Linux usually has the same problem. However, because most Linux programs come with source, it is possible to modify every application in the system to work this way.

    Melissa
  • by Dwonis (52652) * on Saturday November 12, 2005 @05:58AM (#14014643)
    "I haven't seen the problem, therefore no problem could possibly exist" is a troll.
  • by yeOldeSkeptic (547343) on Saturday November 12, 2005 @12:14PM (#14015526)

    The registry is a real point of failure; despite your attempts to deny it. I believe your experience is not typical of the majority of users of MS Windows.

    A corporate system has characteristics that are unique to to such systems. For example: Corporate systems don't usually fill their hard drives with the myriad of software that are usually found in home systems: games, photo editors, educational programs, etc.

    If you haven't seen any examples of registry problems then I assure you you will be surprised at the horrors it can bring.

    You see, the problem is not with the idea of the centralized registry itself but with the fact that the operating system (in this case MSWin) assumes that whatever program modifies the registry will modify it in such a way that it is still left in a consistent state.

    Please read that again so you may understand. In other words, MSWin assumes that all installed software will play nice and that programmers have taken great care to ensure the safety and consistency of the registry.

    Unfortunately, this leaves the stability of the entire system in the hands of unknown programmers who may or may not have done their homework!

    What happens when a user decides to click on the cancel button in the middle of an installation and the program conveniently forgets that it has already modified the registry and thus should roll back whatever changes it has made? What do you think will happen to the registry now?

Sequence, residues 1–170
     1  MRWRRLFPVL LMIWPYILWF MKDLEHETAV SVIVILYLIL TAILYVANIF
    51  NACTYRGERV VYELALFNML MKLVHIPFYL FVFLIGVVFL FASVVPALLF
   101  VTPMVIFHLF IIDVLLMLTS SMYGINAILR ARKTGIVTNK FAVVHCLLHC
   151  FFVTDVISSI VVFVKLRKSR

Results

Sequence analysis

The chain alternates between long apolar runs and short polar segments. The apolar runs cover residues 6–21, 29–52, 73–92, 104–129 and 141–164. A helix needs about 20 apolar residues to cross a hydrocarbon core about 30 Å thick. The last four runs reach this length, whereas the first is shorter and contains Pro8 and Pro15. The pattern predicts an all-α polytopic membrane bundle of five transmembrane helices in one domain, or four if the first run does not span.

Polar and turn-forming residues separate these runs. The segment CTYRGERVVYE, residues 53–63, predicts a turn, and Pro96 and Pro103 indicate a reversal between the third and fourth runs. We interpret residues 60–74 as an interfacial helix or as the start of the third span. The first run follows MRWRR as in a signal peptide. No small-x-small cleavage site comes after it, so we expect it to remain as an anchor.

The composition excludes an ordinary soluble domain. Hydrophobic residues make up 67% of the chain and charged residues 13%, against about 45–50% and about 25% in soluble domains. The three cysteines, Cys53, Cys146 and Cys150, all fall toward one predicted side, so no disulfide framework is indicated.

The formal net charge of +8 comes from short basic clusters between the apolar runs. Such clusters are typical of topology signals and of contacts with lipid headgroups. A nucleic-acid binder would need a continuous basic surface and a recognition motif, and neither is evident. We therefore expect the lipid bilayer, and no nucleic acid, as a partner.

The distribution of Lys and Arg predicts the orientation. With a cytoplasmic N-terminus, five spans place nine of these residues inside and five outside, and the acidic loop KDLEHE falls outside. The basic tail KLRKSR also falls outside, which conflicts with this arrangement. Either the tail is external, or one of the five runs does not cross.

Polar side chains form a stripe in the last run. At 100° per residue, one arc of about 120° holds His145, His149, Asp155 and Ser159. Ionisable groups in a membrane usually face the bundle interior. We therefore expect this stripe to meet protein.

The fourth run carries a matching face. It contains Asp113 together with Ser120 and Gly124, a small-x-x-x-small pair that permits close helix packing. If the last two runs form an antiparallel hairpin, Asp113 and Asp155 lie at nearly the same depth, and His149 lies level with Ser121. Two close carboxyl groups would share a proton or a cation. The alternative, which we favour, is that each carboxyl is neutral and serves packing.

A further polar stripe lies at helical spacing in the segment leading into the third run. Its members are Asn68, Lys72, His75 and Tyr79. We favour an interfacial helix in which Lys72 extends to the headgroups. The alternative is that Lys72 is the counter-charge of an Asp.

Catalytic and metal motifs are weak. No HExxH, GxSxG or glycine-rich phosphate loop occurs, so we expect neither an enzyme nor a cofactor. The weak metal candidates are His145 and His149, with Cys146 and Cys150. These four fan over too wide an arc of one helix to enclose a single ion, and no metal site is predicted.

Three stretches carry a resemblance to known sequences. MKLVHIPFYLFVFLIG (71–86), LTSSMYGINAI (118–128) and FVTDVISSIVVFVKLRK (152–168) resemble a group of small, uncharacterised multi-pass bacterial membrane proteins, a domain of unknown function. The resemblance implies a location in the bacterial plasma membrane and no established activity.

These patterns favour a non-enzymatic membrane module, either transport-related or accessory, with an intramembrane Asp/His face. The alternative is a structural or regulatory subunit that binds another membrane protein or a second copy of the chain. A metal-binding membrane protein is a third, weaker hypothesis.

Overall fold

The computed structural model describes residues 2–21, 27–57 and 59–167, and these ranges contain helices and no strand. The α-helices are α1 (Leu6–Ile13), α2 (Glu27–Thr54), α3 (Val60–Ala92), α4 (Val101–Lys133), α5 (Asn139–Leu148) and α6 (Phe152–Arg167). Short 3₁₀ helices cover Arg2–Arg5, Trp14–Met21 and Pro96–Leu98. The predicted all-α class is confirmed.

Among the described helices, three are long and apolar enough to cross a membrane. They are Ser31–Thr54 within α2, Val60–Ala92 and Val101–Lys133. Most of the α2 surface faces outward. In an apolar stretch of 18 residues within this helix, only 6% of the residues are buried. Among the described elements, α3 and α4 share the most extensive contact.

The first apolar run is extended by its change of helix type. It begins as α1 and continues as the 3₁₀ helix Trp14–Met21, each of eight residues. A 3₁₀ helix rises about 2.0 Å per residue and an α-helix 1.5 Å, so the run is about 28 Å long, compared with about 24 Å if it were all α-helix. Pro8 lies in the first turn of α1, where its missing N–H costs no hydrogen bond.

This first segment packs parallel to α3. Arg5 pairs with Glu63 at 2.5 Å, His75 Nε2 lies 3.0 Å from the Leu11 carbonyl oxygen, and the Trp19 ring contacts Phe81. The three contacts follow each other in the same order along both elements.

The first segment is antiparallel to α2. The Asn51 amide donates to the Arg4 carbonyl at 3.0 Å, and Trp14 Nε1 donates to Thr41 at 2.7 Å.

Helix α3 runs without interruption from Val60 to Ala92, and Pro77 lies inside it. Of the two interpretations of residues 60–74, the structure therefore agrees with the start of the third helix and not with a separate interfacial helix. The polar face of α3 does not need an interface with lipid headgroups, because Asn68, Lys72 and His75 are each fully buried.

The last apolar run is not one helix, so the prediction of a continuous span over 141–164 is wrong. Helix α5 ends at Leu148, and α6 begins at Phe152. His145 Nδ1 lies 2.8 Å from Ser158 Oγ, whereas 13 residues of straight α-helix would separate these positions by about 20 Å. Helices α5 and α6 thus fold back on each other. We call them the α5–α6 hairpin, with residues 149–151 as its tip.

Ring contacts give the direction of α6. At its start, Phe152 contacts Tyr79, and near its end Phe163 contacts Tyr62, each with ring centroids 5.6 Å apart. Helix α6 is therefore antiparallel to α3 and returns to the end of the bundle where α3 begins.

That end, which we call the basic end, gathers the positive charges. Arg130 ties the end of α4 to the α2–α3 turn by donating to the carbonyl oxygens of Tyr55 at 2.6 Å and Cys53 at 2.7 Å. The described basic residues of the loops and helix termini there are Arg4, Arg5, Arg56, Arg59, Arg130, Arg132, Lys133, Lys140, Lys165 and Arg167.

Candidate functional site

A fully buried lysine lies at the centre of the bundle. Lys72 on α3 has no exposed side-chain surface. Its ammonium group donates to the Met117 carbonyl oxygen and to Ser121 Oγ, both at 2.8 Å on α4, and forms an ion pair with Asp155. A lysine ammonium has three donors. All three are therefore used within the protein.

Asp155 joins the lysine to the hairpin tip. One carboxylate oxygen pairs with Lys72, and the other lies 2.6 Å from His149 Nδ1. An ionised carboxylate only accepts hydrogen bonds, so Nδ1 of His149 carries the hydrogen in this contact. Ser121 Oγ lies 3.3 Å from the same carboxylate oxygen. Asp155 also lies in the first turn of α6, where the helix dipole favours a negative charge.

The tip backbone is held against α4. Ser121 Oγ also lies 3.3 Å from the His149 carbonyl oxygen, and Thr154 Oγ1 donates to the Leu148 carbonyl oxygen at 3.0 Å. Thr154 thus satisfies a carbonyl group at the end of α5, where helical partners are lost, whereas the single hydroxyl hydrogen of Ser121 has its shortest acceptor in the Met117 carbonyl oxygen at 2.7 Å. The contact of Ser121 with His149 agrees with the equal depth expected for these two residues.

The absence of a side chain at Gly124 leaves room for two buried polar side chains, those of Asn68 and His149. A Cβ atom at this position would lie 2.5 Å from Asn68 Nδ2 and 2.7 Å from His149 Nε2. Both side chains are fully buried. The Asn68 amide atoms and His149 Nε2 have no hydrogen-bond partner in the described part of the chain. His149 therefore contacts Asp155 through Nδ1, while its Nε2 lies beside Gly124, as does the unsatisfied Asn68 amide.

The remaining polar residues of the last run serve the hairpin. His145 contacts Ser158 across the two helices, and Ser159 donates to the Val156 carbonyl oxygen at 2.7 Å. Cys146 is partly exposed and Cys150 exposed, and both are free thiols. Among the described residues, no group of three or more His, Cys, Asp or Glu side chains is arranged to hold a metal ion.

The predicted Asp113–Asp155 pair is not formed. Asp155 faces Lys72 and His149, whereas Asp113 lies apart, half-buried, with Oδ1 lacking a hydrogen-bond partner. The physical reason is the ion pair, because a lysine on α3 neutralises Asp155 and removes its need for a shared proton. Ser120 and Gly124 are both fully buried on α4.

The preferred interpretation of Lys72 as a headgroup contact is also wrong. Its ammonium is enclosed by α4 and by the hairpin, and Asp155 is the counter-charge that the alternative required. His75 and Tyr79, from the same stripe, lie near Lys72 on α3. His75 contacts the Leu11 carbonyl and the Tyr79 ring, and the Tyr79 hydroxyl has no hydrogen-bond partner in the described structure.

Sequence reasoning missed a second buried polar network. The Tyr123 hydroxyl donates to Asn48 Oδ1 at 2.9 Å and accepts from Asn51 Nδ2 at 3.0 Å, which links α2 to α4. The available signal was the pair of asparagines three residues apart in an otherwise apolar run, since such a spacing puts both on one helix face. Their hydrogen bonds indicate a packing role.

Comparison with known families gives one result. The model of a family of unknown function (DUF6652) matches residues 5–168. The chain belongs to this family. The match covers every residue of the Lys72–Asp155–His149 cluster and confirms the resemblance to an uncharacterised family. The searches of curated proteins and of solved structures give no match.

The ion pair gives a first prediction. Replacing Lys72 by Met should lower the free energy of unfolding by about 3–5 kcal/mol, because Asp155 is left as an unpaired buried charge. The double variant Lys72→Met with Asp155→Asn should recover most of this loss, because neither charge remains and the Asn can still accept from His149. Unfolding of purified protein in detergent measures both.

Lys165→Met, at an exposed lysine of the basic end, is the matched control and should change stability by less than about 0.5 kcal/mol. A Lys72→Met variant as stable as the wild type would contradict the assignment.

Ever wondered why Windows advises users to exit all other running programs before installing new software? What happens when program A modifies the registry but before it was able to save the changes, program B modifies and saves its changes to the same central registry? What happens to the changes made by program B when program A now saves its changes? This is called the concurrency problem and it is a real problem when two or more processes access and modify the same resource.

    What if an installed program decides to insert information in the centralized registry that is specifically discouraged by Microsoft but which a lazy programmer decides is actually quite safe because it doesn't seem to have any deleterious effects in his system? Of course his system has very little installed software since it is a development system after all.

    We can go on and on with possible disaster scenarios. In fact, you can even make it into a learning activity.

    Discussion: List scenarios where a centralized registry is a disadvantage to the stability and consistency of a system. What do you think is a more reasonable compromise? Multiple configuration files with their attendant stability at the expense of complicated configuration management, or unstable systems but with a single API and thus easier configuration management?

    Points for discussion: How many times are you expected to configure a typical application? Do you agree with the Unix philosophy that since software configuration is typically done only a few times and more often only once, that a fire and forget policy is more reasonable?

    Additional points for discussion: Why is software configuration under a single registry system is not likely to be a fire and forget system?

APL is a write-only language. I can write programs in APL, but I can't read any of them. -- Roy Keir

Working...